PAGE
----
Background: Our previous study revealed that intraoperative frozen section (FS) could accurately differentiate invasive lung adenocarcinoma (LUAD) from pre-invasive lesions. However, few articles analyzed the clinical impact of FS errors such as underestimation of invasive adenocarcinomas, and whether complementary therapy was needed remains controversial.
Research question: This study aims to investigate the prognosis of patients undergoing limited resection for invasive LUAD misdiagnosed as atypical adenomatous hyperplasia (AAH)/adenocarcinoma in situ (AIS)/minimally invasive adenocarcinoma (MIA) by intraoperative FS.
Study design and methods: From 2012 to 2018, data on 3031 patients undergoing sublobar resection of AAH/AIS/MIA diagnosed by FS were collected. The concordance rate between FS and final pathology (FP) was evaluated. To assess the clinical significance of FS/FP discrepancy, patients with invasive adenocarcinomas in final pathology were identified for prognostic evaluation.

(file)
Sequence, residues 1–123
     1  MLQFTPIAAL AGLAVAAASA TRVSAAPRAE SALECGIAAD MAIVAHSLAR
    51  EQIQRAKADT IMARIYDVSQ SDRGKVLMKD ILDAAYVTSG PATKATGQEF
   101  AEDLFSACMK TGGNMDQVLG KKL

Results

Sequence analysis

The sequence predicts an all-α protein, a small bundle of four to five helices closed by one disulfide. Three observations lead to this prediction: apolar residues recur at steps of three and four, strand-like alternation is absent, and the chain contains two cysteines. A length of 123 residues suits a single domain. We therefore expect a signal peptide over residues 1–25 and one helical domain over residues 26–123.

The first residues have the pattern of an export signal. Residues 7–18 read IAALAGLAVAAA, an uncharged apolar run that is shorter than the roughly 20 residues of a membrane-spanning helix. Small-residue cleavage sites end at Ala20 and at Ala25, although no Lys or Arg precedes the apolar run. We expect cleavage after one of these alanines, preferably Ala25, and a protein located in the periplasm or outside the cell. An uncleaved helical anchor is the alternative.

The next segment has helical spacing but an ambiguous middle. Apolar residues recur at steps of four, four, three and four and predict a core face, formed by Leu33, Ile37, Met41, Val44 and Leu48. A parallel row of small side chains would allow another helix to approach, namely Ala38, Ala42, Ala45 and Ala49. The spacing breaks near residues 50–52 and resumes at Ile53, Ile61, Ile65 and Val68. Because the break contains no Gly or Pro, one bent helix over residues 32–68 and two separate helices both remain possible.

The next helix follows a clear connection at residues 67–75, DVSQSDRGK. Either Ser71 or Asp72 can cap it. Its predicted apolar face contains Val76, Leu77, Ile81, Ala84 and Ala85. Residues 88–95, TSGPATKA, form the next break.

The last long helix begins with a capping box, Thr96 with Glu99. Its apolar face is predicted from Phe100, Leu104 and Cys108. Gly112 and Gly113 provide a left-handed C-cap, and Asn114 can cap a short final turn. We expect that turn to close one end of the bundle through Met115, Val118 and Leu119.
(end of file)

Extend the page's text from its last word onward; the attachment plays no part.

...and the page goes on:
Results: When AAH, AIS and MIA were classified together as a group, the overall concordance rate between FS and FP was 93.7%, and 192 (6.3%) patients got an upgraded diagnosis from the FP. Misdiagnosed invasive adenocarcinomas consisted of 94 (48.9%) lepidic predominant adenocarcinoma, 77 (40.1%) acinar predominant adenocarcinoma, 19 (9.9%) papillary predominant adenocarcinoma, one solid predominant pattern and one invasive mucinous adenocarcinoma. Among these patients, no positive N1, N2 lymph node was found. Moreover, the 5-year recurrence-free survival was still 100% even the final pathology turned out to be invasive adenocarcinoma.
Interpretation: Patients undergoing limited resection of invasive LUAD misdiagnosed as AAH/AIS/MIA by FS had excellent prognosis. Sublobar resection guided by FS diagnosis would be adequate for these underestimated invasive LUAD.
Keywords: frozen section; prognosis; sublobar resection; upgrade.